The crypto world just had the most precedent-setting week of its 15-year history, which was also a precedent in the annals of financial history. FTX, a top global crypto exchange and trading conglomerate, in a stunningly swift series of events over a little more than a week, filed for US bankruptcy protection on Friday, November 11, 2022.
The Bahamas-based company’s filing – including Alameda Research, its quant and trading arm – estimates $10 bn to $50 bn in liabilities and includes 130 associated entities and more than 100,000 creditors. Adding to misery, reports of a $600 mn hack and missing funds surfaced in the evening after Friday’s announcement.
Was this caused by poor risk management and accounting, or excessive use of leverage? Was Sam Bankman-Fried, FTX’s 30-year-old MIT graduate founder and CEO, just too inexperienced to be running a $32 bn company and was he co-mingling his investors’ funds with other areas of the business?
These answers will come out in what is sure to be a multi-year investigative process but will offer no comfort to the carnage of victims, from ordinary retail crypto investors and start-up crypto companies that held their treasury with FTX to a surprising bevy of sophisticated institutions and funds that will be marking their FTX investments down to zero. These include Sequoia Capital, the Ontario Teachers Pension Fund, SoftBank, Singapore’s sovereign wealth fund Temasek, BlackRock, Galaxy Digital and others.
Played out on Twitter
This fiasco started on November 2 with a leaked Alameda balance sheet showing it was heavily invested in FTX’s $FTT exchange token. It accelerated when the company faced a shortfall of $8 bn and a failed takeover by competitor and previous investor Binance, followed by news of investigations by law enforcement and multiple regulators and frozen assets on November 10.
This could be followed in real time in a series of tweets showing a ‘bromance’ turned to sparring between Bankman-Fried and Changpeng Zhao, CEO of Binance. Zhao indicated his intent to sell his $FTT token holdings after reviewing FTX’s books, which spooked the market – as did some Bankman-Fried tweets, who then posted a long apology admitting he messed up.
Bankman-Fried was known as a golden boy with a big checkbook, putting his company’s name on a Miami stadium and courting star athletes and Hollywood types to pitch the exchange. He is known for philanthropic endeavors and huge political donations, and was actively contributing to US crypto regulation development. He rescued Voyager Digital and other companies that fell during hard crypto winter times this past summer, which could have been contributory factors.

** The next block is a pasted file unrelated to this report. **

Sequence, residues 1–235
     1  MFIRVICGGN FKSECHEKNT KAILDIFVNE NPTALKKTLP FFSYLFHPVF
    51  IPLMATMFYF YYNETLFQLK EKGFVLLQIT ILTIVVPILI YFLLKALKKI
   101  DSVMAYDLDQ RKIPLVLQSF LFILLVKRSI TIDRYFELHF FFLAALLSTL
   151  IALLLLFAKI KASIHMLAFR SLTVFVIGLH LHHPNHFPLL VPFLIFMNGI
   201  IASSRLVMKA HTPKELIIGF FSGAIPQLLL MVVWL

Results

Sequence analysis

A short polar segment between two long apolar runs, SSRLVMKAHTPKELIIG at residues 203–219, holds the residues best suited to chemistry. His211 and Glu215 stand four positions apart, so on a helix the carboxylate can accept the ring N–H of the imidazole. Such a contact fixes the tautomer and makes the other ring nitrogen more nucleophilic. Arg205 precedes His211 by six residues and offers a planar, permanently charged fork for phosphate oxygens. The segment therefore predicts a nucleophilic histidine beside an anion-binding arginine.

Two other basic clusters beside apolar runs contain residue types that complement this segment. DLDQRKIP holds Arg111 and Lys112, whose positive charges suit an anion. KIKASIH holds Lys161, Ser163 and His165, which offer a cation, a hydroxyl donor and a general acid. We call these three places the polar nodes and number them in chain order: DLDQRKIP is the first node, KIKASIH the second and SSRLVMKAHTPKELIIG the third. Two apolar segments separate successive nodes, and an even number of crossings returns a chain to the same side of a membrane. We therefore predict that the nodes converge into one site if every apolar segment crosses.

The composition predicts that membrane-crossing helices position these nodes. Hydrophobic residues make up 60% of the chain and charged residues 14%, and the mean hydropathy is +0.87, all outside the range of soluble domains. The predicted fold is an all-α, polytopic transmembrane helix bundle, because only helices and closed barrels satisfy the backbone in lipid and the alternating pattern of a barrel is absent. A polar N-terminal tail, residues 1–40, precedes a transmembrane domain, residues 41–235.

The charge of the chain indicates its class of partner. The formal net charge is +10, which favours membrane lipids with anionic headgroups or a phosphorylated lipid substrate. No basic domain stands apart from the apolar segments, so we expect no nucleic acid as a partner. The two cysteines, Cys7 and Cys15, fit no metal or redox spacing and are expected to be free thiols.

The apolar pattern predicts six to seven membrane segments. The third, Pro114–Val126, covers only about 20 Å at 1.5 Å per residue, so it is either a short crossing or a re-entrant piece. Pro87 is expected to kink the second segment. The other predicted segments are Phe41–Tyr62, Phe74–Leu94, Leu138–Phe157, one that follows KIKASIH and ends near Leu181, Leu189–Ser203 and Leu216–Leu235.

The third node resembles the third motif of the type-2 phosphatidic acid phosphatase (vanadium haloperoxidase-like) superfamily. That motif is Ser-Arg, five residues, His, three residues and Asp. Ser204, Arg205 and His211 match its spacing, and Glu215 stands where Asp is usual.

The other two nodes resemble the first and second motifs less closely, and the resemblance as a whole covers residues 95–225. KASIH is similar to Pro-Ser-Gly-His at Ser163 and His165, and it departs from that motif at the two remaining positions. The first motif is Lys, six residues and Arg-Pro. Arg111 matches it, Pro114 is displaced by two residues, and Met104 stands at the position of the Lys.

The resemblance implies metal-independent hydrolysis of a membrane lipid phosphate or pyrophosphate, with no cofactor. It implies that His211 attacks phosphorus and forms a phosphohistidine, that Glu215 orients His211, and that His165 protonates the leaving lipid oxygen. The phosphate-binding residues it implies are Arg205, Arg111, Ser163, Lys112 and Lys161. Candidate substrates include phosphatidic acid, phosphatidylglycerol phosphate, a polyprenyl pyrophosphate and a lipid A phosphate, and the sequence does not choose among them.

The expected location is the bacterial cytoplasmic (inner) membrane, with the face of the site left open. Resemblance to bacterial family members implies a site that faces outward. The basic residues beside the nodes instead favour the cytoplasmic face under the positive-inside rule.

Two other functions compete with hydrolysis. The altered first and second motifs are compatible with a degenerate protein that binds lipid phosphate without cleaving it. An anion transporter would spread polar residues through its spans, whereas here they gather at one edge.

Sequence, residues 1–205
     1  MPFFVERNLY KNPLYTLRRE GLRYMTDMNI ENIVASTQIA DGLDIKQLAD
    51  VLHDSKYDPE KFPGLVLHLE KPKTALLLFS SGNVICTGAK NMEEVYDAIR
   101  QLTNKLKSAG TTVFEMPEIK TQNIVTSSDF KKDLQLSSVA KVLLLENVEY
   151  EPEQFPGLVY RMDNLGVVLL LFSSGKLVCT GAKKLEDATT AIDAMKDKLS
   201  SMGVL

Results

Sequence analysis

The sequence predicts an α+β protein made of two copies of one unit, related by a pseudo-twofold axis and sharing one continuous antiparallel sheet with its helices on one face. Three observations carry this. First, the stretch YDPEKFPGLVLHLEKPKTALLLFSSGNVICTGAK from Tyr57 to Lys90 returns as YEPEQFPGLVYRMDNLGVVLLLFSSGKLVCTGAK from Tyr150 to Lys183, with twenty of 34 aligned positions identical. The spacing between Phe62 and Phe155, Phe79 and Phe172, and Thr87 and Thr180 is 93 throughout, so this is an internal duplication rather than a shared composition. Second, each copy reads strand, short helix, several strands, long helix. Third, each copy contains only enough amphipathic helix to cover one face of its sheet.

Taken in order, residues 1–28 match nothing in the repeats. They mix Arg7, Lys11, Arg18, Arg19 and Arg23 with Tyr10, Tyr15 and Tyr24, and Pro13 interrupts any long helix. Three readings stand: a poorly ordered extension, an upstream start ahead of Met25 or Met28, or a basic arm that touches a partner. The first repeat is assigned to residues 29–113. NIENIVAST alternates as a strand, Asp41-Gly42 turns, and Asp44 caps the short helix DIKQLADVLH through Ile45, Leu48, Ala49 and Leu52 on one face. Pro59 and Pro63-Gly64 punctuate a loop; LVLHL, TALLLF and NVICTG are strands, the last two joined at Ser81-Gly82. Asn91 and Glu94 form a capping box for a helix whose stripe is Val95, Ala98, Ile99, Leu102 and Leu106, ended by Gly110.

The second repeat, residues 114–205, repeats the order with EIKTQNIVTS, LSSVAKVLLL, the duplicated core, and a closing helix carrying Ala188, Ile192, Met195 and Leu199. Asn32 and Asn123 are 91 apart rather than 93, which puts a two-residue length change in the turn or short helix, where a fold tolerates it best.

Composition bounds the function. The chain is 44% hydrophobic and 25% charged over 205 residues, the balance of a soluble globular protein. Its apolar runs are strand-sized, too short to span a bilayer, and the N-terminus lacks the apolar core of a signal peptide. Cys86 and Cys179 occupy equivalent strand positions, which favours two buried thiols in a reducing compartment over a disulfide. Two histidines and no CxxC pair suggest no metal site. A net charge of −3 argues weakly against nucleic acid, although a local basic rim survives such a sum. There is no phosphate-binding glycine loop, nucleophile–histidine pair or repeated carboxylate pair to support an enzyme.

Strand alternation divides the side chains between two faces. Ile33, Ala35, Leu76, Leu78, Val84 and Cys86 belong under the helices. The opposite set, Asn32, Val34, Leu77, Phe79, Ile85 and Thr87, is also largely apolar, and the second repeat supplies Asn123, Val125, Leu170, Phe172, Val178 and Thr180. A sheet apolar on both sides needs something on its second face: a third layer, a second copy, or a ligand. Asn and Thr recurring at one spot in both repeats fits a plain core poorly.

The fall of FTX is a contagion that will be far-reaching and erode trust that took years to build in the crypto industry. Bitcoin, which some argue is part of a different ecosystem from FTX, fell to a new bear market low of $15,500 last week with other coins. ‘The crypto industry needs to grow up and needs progressive regulation in the move from the Wild West to the institutional asset space,’ says Michael Saylor, CEO of Micro Strategy, one of the top 10 holders of Bitcoin, in an interview with CNBC.
A cry for more regulation has now been heard from every corner of crypto and traditional finance, as well as from regulators and policymakers. This is good news that will end ambiguity for well-meaning industry actors with the thoughtful, clear guidance they want that considers the uniqueness of decentralized networks over centralized finance. This may speed up advocacy initiatives and various US bills already in progress, such as the Lummis-Gillibrand Bill and the Digital Commodities Consumer Protection Act. In turn, this should improve the confidence of all investors.
Liquidity and money flowing into the industry, which peaked at $3 tn in November of last year, just took a huge blow. This impacts the industry’s health and the growth of many emerging crypto companies in the short term that need to make it through crypto winter. In the longer term, some of these companies will form the next generation of public companies, if going the centralized route, requiring investor relations.
‘With a new industry, you always face human behavior and risk issues – these are bound to happen till it reaches maturity. Faith has been shaken, but blockchain is a very compelling tech and we are still figuring out where the center of gravity is,’ Callie Cox, an investment analyst at crypto trading firm eToro, told CNBC. She thinks the industry got ahead of itself, and the issues experienced by FTX had nothing to do with decentralized networks or the tech they’re based on.
Regulatory clarity will mean more institutional adoption, more retail investors and acceleration of the digitization and tokenization of securities. IROs will need to explain their company’s crypto investment holdings or blockchain tech implementation to investors in the future.
They will take a leading role in marketing their company’s tokenized securities to investor audiences, particularly to the next generation of crypto-native Gen Zs and Gen Alphas. IR professionals will also be working for decentralized autonomous organizations as leaders pioneering excellence in shareholder communications and community management, voting and healthy governance operations, and contributing to maintaining the fair valuation of their digitized assets.
The FTX debacle is a setback but might have a hidden silver lining to accelerate the industry’s maturity and significance for IROs.
Linda Montgomery is a Toronto-based fintech and digital assets marketing executive and an IR professional